This past week the Dutch referendum on Ukraine’s future in the EU suffered a stunning blow. Around 32 percent of the population went to vote — a small turnout by normal standards but enough to make the result valid — and a majority voted to throw a spanner into Ukraine’s plans to join Europe. A mere 2.5 million voters in a country of 17 million people decided Europe’s future.
This is a perfect display of the tendency in Europe to have different political lobby groups from different parts of the political spectrum coming together due to their shared hatred of EU institutions. The far left went to vote No gatherings with posters of Palestine and Putin, and the far right went to vote No gatherings with anti-immigrant signs and, like the left, posters of Putin, Putin being the one common denominator here.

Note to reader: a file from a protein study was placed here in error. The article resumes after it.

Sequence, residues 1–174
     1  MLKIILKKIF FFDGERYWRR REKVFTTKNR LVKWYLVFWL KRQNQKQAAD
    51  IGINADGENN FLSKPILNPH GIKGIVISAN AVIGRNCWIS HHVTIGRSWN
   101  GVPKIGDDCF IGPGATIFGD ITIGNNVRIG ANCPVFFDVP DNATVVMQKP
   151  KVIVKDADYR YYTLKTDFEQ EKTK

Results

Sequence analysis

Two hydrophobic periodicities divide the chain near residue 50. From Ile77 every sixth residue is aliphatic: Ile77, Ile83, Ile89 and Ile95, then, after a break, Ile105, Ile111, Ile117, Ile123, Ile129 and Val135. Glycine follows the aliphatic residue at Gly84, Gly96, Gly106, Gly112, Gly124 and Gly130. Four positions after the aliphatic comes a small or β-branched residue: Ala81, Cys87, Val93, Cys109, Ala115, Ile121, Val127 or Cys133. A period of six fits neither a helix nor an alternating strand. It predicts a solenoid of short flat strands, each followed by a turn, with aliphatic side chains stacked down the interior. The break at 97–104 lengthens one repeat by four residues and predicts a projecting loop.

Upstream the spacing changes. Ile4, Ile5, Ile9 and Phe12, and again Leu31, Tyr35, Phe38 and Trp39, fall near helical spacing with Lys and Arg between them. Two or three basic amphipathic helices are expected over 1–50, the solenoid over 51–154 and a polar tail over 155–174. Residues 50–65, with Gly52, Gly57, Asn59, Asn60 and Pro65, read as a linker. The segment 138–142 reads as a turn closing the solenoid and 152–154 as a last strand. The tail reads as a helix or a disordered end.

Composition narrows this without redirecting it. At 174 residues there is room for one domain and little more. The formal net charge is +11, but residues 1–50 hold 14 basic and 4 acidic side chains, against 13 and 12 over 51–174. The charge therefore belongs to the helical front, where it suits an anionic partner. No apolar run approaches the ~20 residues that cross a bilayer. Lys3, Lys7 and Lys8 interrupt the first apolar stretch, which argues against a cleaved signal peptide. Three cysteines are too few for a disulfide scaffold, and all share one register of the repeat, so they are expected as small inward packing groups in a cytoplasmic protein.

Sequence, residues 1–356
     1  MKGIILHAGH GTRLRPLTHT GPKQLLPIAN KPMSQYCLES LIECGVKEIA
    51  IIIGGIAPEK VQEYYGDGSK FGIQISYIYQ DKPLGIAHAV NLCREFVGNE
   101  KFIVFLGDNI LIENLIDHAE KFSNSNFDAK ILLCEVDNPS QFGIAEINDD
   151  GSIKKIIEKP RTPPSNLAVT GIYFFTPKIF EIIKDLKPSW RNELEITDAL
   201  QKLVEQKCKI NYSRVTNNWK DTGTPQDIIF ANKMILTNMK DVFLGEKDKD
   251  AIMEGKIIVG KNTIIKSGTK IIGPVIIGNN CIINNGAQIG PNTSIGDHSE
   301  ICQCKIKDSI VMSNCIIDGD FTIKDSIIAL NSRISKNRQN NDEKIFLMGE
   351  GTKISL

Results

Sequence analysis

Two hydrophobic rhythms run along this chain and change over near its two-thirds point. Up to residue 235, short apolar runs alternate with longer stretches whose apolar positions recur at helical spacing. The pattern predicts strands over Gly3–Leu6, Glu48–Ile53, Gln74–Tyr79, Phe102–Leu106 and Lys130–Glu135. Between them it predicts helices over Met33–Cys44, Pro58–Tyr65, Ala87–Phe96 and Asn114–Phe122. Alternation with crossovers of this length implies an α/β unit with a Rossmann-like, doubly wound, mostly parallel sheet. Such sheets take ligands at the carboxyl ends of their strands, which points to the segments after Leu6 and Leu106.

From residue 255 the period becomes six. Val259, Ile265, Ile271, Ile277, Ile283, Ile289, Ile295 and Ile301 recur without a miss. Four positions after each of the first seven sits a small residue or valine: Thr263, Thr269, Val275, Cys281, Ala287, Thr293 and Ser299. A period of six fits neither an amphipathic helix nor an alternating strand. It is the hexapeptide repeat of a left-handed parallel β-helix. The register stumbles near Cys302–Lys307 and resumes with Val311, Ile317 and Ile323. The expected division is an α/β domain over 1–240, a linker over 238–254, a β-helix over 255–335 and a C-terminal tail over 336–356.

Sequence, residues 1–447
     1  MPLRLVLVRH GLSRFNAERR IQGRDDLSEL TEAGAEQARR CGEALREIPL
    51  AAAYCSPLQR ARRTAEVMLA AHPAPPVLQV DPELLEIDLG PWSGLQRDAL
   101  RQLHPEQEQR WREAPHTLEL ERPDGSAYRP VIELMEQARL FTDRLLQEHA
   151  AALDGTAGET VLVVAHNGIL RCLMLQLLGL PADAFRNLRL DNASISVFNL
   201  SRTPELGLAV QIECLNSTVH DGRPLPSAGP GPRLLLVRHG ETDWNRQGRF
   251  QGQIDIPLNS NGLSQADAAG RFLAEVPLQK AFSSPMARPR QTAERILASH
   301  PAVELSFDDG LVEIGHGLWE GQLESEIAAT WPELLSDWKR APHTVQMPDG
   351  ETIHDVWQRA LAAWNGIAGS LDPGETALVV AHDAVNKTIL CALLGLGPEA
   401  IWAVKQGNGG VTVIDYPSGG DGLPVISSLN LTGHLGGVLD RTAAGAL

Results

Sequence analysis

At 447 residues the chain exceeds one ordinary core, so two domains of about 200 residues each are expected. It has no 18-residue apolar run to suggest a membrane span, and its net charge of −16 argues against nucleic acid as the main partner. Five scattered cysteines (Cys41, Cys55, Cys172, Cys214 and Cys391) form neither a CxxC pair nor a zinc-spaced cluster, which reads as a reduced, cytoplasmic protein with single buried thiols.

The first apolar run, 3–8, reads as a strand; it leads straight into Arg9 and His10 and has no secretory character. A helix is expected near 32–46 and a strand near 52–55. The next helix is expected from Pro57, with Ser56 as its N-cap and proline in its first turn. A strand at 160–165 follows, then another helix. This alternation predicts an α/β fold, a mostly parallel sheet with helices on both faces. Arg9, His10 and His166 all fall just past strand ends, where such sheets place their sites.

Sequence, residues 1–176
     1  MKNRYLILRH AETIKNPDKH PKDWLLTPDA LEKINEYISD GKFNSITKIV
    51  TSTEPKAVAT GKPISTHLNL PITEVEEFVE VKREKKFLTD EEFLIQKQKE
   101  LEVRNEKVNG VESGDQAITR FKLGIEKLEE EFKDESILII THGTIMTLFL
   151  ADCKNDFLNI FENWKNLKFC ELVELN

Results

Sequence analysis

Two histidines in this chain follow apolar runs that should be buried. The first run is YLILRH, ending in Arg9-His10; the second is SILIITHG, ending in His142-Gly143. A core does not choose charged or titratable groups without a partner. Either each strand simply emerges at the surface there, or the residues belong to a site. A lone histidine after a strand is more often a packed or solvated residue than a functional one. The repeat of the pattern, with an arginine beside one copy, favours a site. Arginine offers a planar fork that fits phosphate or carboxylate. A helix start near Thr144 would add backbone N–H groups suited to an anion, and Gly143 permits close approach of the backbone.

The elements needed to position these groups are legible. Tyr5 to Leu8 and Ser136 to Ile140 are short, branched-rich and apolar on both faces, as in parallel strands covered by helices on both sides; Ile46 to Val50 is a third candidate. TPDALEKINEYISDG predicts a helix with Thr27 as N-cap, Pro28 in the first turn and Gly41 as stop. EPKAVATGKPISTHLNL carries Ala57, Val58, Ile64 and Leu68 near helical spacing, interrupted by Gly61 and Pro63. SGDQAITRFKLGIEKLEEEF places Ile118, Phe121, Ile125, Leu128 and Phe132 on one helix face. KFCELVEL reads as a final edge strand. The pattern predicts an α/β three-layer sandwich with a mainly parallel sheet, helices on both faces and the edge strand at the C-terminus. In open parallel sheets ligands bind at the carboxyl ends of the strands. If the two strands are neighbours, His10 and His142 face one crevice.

This single referendum flipped the Ukrainian situation upside down. Firstly, this is a direct attack on the idea that the EU will slowly continue expanding and incorporating new countries. Secondly, this goes against the entire idea of people within the EU being satisfied with its performance.
The No campaign’s biggest names came from Eurosceptics — including Nigel Farage of Britain, Marine Le Pen of France, and Geert Wilders of Netherlands — joining forces against Ukraine’s hopes. Given the small size of people who actually went to vote, it’s difficult to know how many people actually want to be out of EU, but a few conclusions can be drawn.
First of all, this is a win for Euroscepticism. No matter how one interprets the result, it follows a pattern, especially when taking into account the solid gains by Marine Le Pen in France and the striking loss of Angela Merkel’s party in German local elections. Even for people who might argue that the percentage of people who actually voted is a lot less than who didn’t, the fact that so many people even didn’t bother to turn up to vote shows that they are apathetic towards Ukraine and the EU.